Harvard Department of Stem Cell and Regenerative Biology

Paola Arlotta, PhD

Paola Arlotta, PhD

Harvard Department of Stem Cell and Regenerative Biology

During embryonic development, neural progenitors undergo precise differentiation to generate the amazing variety of neuronal types that ultimately populate the mature brain. While some of the basic mechanisms that control general aspects of progenitor specification into neurons have been defined, the genetic programs that control the differentiation of distinct types of neurons in the brain are still largely unknown.

Chad Cowan, PhD

Chad Cowan, PhD

Harvard Department of Stem Cell and Regenerative Biology
Massachusetts General Hospital

Our research is focused on understanding the molecular underpinnings of metabolic diseases such as type 2 diabetes mellitus (T2DM) and coronary artery disease (CAD).

Jonathan G. Hoggatt, PhD

Jonathan G. Hoggatt, PhD

Massachusetts General Hospital
Harvard Medical School

The Hoggatt Laboratory is broadly interested in the stem cell niche regulatory mechanisms that govern tissue regeneration, particularly regulation by …

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Ya-Chieh Hsu, PhD

Ya-Chieh Hsu, PhD

Harvard Department of Stem Cell and Regenerative Biology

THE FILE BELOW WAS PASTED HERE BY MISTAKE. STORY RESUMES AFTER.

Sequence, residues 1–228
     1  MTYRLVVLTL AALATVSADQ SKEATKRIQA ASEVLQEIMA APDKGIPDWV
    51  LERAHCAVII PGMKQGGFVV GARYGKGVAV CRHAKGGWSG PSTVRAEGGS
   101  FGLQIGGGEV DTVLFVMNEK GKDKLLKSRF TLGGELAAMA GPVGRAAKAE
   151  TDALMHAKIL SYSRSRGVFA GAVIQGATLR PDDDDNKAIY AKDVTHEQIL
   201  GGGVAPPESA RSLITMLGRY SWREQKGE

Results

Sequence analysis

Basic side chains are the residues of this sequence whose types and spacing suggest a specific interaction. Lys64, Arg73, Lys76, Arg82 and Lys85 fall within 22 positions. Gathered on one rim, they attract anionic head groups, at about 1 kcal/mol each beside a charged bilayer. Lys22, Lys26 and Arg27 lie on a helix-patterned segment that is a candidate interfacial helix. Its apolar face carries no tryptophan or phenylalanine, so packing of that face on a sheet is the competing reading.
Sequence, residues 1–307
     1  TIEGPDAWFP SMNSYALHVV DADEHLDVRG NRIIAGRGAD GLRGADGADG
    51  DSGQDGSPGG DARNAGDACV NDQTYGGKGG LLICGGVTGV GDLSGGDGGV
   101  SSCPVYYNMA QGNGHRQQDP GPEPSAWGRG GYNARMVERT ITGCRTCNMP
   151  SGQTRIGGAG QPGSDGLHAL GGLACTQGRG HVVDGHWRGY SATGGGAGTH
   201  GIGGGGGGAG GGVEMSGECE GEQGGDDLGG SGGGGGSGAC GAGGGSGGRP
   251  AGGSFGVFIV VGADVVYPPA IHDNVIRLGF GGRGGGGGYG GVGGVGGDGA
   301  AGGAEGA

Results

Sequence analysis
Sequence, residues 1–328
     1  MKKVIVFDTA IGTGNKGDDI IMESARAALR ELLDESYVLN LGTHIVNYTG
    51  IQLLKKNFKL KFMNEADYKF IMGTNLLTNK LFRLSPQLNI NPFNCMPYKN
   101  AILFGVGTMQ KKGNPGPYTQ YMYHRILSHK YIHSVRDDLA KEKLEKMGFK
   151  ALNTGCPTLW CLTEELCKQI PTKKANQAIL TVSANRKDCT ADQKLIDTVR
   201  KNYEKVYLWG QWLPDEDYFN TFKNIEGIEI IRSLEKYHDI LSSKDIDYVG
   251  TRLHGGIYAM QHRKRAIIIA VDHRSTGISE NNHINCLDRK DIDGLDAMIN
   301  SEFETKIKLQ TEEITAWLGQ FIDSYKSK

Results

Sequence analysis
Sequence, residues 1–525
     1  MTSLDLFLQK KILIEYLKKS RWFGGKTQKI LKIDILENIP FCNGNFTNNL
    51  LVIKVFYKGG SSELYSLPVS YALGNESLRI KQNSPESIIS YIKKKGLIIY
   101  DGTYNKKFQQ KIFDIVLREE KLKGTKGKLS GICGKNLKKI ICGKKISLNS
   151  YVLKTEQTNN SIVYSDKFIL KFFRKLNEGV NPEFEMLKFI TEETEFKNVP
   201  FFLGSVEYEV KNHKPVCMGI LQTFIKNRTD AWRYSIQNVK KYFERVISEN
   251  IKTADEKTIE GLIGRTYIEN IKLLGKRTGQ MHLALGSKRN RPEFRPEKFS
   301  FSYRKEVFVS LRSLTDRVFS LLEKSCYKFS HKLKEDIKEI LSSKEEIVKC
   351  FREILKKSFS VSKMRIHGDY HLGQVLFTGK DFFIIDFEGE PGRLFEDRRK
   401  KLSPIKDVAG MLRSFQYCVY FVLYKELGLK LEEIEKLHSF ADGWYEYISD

We study how growth and differentiation are controlled, and how different cell types coordinate with one another, to maintain tissue function during development, regeneration, and repair.

Richard Lee, MD

Richard Lee, MD

Brigham and Women's Hospital
Harvard Department of Stem Cell and Regenerative Biology
Harvard Medical School

The Lee Laboratory uses biotechnologies to discover and design new approaches to cardiovascular and metabolic diseases. We work at this interface using a broad variety of techniques in genomics, stem cell biology, and molecular biology.

Kiran Musunuru, MD, PhD, MPH

Kiran Musunuru, MD, PhD, MPH

Harvard Department of Stem Cell and Regenerative Biology
Brigham and Women's Hospital
The Broad Institute

Our goal is to understand how naturally occurring human genetic variation protects (or predisposes) some people to cardiovascular and metabolic disease—the leading cause of death in the world—and to use that information to develop therapies that can protect the entire population from disease.

John Rinn, PhD

John Rinn, PhD

Harvard Department of Stem Cell and Regenerative Biology

Our research aims to understand the role of long intergenic non-coding RNAs (lincRNAs) in establishing the distinct epigenetic states of adult and embryonic cells and their misregulation in diseases such as cancer.

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